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NEW/RECENT DEVELOPMENTS
  • In 2008, Mexico enacted and incorporated into its legal system what could be interpreted as the principle of substance over form. This ‘simulation rule’ applies only for tax purposes, and through it the tax authorities are now empowered to impose taxes as per the economic reality of an operation rather than the tax consequences that would apply to the way it was formally presented by the taxpayers.
  • During 2008, Mexico enacted a new ‘Flat Tax system’ (‘Impuesto Empresarial a Tasa Única’ or IETU), which is intended to work as a complementary tax vis a vis the general income tax in Mexico. The current tax rate for this IETU is 17.5 per cent from 2010 onwards.
  • An important issue in terms of precedents took place during 2009, when the first constitutional reliefs lawsuits in connection with the Mexican controlled foreign companies (CFC) regime (the rules regarding ‘Regimenes Fiscales Preferentes’ of the Income Tax Law) were decided by the Supreme Court, and in all cases it was clear that the Court upholds the constitutionality of the complete set of rules.
  • During 2009 and 2010, Mexico has been very active in negotiating and signing various tax information exchange agreements (TIEAs) with many jurisdictions that used to be considered ‘tax havens’, as well as amending the exchange of information clause contained in many of the existing double taxation agreements (DTAs) that were already in force. Of these we can mention the signature of tax agreements with the Bahamas, Bermuda, Barbados, Curacao, Panama, Uruguay. Many more are still under negotiation.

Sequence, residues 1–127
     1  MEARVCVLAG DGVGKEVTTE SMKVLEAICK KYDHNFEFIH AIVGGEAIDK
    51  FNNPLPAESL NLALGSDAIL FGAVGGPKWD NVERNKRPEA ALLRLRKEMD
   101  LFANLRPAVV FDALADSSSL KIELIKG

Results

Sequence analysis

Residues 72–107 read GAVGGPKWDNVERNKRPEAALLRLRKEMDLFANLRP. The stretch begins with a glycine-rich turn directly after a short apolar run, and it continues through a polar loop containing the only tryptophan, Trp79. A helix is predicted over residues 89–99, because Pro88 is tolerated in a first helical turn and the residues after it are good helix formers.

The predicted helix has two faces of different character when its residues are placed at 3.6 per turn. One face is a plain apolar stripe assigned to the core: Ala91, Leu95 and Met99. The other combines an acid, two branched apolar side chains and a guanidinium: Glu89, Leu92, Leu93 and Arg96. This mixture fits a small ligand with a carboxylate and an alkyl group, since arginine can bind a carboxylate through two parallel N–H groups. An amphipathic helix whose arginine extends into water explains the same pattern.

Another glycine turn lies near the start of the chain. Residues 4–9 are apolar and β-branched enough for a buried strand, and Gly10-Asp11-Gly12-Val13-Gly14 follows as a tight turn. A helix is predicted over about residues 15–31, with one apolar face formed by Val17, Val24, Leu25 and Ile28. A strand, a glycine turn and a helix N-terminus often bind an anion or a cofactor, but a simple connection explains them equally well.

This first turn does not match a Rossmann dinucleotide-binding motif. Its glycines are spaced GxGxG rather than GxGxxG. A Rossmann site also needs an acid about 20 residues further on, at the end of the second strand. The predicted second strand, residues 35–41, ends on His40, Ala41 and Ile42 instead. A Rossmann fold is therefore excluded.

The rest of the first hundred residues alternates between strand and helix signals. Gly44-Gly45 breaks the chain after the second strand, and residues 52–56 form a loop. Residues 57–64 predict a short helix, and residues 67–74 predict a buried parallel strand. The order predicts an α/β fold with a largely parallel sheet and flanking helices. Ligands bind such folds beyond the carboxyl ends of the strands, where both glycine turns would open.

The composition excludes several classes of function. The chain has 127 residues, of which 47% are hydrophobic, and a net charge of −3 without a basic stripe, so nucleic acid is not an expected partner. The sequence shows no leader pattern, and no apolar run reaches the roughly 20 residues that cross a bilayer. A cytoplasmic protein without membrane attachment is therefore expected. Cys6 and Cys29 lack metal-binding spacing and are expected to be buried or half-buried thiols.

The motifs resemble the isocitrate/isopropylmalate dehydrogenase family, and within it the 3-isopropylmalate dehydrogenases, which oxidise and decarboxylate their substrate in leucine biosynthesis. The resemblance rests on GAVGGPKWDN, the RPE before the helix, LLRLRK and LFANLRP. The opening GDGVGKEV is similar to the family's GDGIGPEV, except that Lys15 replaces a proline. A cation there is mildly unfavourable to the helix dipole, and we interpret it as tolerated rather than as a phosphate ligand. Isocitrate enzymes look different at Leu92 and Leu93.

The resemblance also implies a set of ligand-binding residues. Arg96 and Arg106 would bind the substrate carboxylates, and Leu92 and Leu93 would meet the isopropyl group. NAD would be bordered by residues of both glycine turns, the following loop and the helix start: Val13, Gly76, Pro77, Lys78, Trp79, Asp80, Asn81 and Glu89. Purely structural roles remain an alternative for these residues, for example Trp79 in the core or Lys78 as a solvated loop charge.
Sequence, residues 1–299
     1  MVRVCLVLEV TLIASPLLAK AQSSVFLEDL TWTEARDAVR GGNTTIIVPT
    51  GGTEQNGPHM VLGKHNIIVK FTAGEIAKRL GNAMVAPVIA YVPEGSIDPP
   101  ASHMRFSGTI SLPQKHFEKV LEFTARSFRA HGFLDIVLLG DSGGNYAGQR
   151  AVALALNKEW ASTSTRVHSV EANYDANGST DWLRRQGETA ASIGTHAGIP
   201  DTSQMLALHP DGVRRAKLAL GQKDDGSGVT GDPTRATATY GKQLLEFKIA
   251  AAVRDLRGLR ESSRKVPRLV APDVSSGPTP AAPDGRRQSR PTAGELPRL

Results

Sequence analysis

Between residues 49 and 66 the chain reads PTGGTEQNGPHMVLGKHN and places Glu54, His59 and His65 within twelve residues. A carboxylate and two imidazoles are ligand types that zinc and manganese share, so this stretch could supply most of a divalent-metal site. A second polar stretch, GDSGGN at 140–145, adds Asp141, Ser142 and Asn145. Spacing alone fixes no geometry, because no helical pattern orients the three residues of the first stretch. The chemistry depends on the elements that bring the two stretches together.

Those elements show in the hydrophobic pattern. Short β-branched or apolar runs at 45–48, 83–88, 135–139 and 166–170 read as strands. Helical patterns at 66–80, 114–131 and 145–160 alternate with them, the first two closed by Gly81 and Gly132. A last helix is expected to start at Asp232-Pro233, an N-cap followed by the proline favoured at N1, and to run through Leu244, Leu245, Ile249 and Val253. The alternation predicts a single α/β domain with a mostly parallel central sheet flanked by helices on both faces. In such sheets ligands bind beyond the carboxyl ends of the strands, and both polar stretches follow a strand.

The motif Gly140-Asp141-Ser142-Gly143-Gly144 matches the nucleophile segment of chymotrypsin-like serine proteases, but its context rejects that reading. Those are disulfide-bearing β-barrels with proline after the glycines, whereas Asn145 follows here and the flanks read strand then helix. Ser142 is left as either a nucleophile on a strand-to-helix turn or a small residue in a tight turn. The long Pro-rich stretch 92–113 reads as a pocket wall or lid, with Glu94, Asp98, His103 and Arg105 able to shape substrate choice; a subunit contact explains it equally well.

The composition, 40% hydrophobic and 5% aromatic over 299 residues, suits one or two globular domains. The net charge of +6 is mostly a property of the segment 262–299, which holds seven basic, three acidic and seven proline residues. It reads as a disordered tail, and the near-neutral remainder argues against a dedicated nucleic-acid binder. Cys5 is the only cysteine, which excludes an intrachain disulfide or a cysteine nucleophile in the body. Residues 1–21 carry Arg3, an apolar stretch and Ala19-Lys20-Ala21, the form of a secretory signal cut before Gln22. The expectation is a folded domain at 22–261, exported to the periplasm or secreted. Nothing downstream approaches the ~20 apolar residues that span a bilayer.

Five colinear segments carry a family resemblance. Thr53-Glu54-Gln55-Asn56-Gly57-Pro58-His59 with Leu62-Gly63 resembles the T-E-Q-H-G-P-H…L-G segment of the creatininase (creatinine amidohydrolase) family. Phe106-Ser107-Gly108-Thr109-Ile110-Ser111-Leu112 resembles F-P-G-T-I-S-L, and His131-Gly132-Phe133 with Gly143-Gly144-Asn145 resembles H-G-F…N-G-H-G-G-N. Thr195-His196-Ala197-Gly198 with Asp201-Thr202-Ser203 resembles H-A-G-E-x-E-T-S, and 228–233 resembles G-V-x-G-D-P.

1. Introduction

a. History and background

Mexico is currently the 13th largest economy in the world (11th if considered by purchasing power parity standards). It is also the only member of the OECD from Central and South America.

Mexico is a federal republic with a so-called growing democracy, after having been ruled by only one party for over 70 years, with little room for democracy and citizen involvement in social matters until the year 2000, when for the first time in modern history, an opposition party won the elections for Presidency.

Mexico’s geographical and commercial links to the United States and its strong dependency on income derived from oil exports mean that it was very badly hit by the recent world financial crisis. Its macroeconomic statistics seem to be stabilising, however, and the outlook for economic recovery is improving.

b. Legal system

Mexico’s legal system is based on the civil law, following the model of the Napoleonic code, but also influenced by Roman legal legacy for many of its institutions. The powers in Mexico are divided between a Judiciary, a Legislative and an Administrative department; each one working under an Assembly of representative Deputies and Senators, a Supreme Court and a President, respectively.

Being a federation, Mexico has one Constitution and each of the 32 states have their own (which is subject to the federal Constitution). Therefore, Mexico regulates most of its affairs on at least two levels, the general federal level and the lower state regulation level. Administrative regulations normally fall within the lower administrative units.

Editorial Board
Mauricio Cano del Valle
Amicorp Group

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